Proposed Warriors' SF Arena Presents Various Obstacles

This new Mission Bay arena next to UCSF medical center would potentially open for the Warriors' 2018-19 season. (Photo via MANICA Architecture)

By Julian O’Donnell (Sec925 High School Correspondent)

When I first heard about the Golden State Warriors’ plan to build a new state-of-the-art arena in downtown San Francisco, I was ecstatic. They were finally going to be moving back under the bright lights of San Francisco, inside a brand new building that could help attract the best free agents in the NBA.

This arena, which will seat 18,000 fans, will be built a few blocks south of AT&T Park in the Mission Bay district, a rapidly developing area of San Francisco. On paper, it looks like an illustrious plan and seems like the right move for an organization that deserves to put arguably the best team in the NBA into a potentially top-of-the-line arena.

Yet, as the plan gained more traction, critics began to condemn the proposed plan. Although I originally looked at these protests as attempts to prevent my favorite team from moving to San Francisco, I soon came to consider these questions as actual problems that would arise in building this new arena.

The most important issue that stands in the way of this project is the concern of traffic, and the added congestion it will bring to San Francisco. I drive into San Francisco often, and the traffic is suffocating, especially on the freeways you merge into one once you hit downtown. One of the many reasons for this sudden influx of people in the city is because of new businesses, mainly tech companies that are moving their offices into the downtown district of San Francisco.

On one hand, the rush of workers into the city is beneficial as it generates economic and structural development. Yet, when you are bringing a business, such as the Golden State Warriors, into San Francisco, you are adding more people to the second most densely populated city in America behind New York City. It has a capacity limit that it is drawing closer every year.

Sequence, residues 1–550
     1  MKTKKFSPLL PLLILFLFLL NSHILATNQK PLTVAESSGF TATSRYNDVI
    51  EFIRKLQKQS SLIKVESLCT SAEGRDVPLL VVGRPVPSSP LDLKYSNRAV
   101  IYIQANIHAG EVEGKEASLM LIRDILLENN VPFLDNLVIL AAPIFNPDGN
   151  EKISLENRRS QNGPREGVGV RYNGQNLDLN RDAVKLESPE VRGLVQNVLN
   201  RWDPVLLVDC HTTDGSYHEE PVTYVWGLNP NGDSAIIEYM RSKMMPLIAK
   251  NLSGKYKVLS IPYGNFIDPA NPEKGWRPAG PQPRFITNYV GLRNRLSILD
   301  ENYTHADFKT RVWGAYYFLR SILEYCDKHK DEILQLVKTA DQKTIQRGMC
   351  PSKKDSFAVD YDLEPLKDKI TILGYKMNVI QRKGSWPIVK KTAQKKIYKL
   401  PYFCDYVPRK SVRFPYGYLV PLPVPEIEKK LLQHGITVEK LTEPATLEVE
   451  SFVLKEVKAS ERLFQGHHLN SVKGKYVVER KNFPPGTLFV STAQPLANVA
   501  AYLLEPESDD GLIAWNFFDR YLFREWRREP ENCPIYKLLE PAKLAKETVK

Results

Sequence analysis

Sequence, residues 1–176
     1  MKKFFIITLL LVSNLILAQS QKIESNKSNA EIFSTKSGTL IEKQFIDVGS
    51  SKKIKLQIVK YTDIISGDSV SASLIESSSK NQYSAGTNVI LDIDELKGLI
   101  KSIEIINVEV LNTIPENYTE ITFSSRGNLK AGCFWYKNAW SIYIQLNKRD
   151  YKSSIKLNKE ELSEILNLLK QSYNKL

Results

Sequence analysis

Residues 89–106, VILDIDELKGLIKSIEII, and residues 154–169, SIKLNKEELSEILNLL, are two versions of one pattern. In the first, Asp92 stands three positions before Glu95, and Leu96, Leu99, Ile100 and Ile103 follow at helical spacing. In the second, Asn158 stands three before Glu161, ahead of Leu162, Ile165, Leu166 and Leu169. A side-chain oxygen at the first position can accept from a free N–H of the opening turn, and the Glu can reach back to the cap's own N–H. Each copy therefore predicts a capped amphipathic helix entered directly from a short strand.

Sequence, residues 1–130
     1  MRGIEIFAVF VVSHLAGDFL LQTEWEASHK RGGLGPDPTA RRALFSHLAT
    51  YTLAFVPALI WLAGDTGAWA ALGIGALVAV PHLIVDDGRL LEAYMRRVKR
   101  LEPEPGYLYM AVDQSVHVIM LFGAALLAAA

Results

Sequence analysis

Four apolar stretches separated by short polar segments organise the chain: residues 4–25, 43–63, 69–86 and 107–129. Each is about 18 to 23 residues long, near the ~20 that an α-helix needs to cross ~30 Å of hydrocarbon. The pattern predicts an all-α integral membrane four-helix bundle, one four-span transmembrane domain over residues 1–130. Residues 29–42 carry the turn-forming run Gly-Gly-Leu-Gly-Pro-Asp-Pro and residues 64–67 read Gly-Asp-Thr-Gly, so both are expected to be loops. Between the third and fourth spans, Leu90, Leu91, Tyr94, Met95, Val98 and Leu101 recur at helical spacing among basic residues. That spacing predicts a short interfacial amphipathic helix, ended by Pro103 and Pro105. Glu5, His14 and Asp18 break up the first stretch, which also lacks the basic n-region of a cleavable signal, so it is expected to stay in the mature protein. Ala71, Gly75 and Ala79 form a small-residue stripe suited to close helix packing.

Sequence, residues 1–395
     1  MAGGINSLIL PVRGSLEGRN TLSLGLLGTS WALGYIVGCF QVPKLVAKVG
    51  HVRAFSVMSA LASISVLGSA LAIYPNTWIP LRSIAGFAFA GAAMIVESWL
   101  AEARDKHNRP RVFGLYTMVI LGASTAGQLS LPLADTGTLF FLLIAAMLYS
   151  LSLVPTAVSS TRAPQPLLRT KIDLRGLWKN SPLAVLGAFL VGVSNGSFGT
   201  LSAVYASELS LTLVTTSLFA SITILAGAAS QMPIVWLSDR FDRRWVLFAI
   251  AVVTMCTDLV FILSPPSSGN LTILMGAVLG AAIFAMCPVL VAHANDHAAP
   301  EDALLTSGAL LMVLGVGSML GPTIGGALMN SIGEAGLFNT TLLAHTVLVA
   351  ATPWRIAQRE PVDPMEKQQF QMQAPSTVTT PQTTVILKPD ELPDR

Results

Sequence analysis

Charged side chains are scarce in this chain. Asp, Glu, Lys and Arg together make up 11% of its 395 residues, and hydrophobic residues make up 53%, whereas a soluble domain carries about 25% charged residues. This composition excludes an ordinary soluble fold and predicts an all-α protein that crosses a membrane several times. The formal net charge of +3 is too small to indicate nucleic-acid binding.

Another problematic reason for building this arena is the loss of loyal fans from the East Bay who have supported the team through thick and thin. The congestion that a new arena brings to a city repels fans from the East Bay who are trying to get into a city that is gridlocked. Two hours to get into San Francisco? Not many fans would be willing to do that.

Will the Warriors be able to duplicate the energy inside "Roaracle" if and when they move to SF? (photo by Jesse D. Garrabrant)

With a loss of fans who have become synonymous with the Warriors brand, the team might play differently with a new fan base. So why change an arrangement that has worked out so well in recent years? The answer lies in economic growth.

Despite the negatives of building this arena, it will promote even more growth for an economy that changes everyday with the influx of businesses. The monetary benefits will trickle down and benefit many, just as it did with the Giants and AT&T Park up the street. 

Before the Giants moved into their present ballpark, that area was lifeless. It was used as a dump, and served no purpose in the city. Building the ballpark in this “dead area” let businesses grow in the surrounding plots of land, which were deemed desolate as well.

Now looking at that area, you would never guess it was once a ignored corner of the city. With restaurants, housing, and places of business, the area surrounding AT&T Park is booming and that is what the owners of the Warriors want to happen, a stadium that will grow the area surrounding it.

So where does that leave us?

The Golden State Warriors have just bought the piece of land that will be used to build the arena. We can all assume construction will begin shortly. Now, a countdown to the end of Oracle Arena will have to begin.

I think it is worthy to note that the initial drawings of the new arena, although very modern and sleek, remind me very much of a toilet. Could this be a sign of things to come for this project? Maybe.

In spite of all my critiques of the new arena, I have to welcome the project with an open mind. The best team in the NBA will be moving into the one of the smallest cities in America. For the sake of everybody, I hope this turns out all right.

Julian O'Donnell is a staff writer for The Acalanes Blueprint in Lafayette, California. Find more of his work here.